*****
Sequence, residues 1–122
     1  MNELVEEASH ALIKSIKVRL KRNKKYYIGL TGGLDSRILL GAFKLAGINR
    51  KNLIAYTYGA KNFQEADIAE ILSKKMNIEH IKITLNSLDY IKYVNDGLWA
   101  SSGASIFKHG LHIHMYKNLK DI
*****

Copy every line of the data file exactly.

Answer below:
Sequence, residues 1–122
     1  MNELVEEASH ALIKSIKVRL KRNKKYYIGL TGGLDSRILL GAFKLAGINR
    51  KNLIAYTYGA KNFQEADIAE ILSKKMNIEH IKITLNSLDY IKYVNDGLWA
   101  SSGASIFKHG LHIHMYKNLK DI